Administrative Support Systems for Child Intervention Services Follow-up
Our 2007 audit and this follow-up examine administrative systems the department has to support child intervention services, such as agency accreditation and case file review. We did not evaluate the work done by caseworkers or the department’s external reporting system. The original recommendations are centered on the monitoring systems that provide assurance that child intervention standards are adhered to consistently. These administrative systems are important since they provide oversight, identify trends and provide feedback to frontline caseworkers.
In 2007 we made five recommendations to the then Department of Children Services1 and Child and Family Services Authorities to improve administrative systems that support child intervention services.
In 2010 we found the department had implemented one of the recommendations. In this audit we conducted further follow-up work and found the four remaining recommendations have been implemented. The Department of Human Services:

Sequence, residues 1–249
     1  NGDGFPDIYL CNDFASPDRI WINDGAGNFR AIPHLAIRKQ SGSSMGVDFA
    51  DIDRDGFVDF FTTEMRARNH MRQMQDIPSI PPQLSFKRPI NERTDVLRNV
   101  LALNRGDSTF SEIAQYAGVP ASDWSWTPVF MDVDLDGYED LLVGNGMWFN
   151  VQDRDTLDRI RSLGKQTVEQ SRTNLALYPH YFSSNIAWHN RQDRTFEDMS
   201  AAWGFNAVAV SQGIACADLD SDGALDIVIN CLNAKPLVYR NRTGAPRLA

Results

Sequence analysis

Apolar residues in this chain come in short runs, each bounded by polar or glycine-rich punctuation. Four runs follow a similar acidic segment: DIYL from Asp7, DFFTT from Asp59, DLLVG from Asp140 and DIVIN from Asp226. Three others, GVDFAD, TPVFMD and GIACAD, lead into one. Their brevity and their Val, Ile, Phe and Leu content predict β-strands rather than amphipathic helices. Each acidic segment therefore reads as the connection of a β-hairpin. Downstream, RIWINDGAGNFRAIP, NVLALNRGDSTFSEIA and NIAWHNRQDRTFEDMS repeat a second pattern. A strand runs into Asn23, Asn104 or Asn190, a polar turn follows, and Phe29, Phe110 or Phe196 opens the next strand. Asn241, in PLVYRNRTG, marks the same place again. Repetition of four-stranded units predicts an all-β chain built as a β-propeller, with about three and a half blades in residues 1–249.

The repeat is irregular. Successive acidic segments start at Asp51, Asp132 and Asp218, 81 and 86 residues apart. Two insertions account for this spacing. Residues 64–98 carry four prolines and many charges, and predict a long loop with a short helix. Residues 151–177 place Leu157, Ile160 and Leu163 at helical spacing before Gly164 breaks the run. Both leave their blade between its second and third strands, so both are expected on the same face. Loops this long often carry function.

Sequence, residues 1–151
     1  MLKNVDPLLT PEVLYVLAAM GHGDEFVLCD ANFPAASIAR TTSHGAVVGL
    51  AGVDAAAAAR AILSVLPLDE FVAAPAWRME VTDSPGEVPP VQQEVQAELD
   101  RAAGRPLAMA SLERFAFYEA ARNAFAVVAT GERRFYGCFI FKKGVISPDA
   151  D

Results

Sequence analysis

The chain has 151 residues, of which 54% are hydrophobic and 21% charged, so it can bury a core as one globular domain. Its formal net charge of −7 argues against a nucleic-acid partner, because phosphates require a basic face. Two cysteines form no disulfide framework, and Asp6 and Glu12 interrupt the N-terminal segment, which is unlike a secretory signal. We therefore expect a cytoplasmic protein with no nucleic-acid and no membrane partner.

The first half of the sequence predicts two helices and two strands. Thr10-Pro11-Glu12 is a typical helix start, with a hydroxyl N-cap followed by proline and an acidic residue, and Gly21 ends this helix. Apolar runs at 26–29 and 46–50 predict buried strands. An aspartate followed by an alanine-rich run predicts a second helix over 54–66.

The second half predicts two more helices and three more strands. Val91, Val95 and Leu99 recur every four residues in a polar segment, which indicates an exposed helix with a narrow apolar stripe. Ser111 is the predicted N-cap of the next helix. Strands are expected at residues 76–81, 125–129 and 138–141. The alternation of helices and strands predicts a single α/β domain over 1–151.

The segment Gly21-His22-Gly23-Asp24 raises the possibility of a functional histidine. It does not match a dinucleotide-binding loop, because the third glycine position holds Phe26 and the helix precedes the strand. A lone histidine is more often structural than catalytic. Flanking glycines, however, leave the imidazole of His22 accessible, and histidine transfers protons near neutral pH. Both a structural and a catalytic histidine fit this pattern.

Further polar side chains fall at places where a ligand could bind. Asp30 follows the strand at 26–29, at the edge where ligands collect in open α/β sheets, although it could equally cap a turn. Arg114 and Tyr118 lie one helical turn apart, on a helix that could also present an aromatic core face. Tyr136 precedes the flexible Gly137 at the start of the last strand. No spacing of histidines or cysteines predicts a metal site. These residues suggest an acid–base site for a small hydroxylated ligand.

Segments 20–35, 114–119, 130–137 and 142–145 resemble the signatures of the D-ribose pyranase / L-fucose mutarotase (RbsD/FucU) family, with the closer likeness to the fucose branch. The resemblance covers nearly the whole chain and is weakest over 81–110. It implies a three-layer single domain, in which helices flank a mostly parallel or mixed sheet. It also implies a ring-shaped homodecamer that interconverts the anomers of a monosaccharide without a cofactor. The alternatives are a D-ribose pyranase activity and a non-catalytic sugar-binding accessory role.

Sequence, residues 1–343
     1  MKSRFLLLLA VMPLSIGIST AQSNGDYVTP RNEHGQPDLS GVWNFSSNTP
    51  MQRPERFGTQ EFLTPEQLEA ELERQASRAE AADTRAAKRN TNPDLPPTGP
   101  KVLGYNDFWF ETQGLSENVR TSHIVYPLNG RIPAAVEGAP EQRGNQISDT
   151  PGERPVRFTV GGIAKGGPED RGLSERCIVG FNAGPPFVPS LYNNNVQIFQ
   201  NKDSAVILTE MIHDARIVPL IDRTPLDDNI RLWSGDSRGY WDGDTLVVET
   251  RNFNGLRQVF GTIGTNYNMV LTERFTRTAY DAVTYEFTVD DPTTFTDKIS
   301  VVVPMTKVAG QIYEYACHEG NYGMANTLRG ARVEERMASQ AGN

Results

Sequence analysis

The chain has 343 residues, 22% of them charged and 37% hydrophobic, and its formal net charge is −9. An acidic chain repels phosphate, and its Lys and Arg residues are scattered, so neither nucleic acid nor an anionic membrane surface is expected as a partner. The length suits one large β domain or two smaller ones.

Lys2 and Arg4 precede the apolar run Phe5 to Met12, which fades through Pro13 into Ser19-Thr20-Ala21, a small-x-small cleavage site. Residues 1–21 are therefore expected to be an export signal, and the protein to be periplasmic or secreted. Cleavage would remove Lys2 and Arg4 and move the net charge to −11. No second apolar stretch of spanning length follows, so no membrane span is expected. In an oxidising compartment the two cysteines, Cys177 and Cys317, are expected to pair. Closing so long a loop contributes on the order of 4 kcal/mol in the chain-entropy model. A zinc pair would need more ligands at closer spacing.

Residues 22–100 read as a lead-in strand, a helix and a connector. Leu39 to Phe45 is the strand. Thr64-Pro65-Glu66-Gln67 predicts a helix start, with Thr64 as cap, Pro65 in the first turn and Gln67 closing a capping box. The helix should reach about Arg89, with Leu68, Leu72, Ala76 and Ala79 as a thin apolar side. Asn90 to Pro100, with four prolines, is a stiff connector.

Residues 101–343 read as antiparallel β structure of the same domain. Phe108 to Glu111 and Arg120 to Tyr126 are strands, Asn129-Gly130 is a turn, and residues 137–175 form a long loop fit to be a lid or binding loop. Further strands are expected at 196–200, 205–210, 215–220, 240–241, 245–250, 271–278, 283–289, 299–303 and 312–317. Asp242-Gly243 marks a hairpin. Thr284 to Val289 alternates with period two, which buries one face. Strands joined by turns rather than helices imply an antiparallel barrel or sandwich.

- has implemented a new process to approve accrediting bodies and will be directly contracting with, and receiving written results reports from, them
- reviews targeted case files of strategic interest to it and sends the results to caseworkers and their immediate supervisors, to provide them with feedback. It has improved how it shares information about contracted agencies.
- has trained staff on the new provincial casework practice standards
- enters licensing, contract and other information needed to monitor and evaluate agencies’ adherence to contract provisions and their facilities in its new electronic information system
AUDIT OBJECTIVE AND SCOPE
Our objective was to determine if the department had implemented four recommendations that remained outstanding since 2007. All four recommendations deal with administrative systems that support child intervention services through accreditation, contract monitoring and case file reviews.
Neither the original audit nor this follow-up examined programs used to deliver services to children through family enhancement services or protective services—including family intervention, kinship care, foster care or residential care.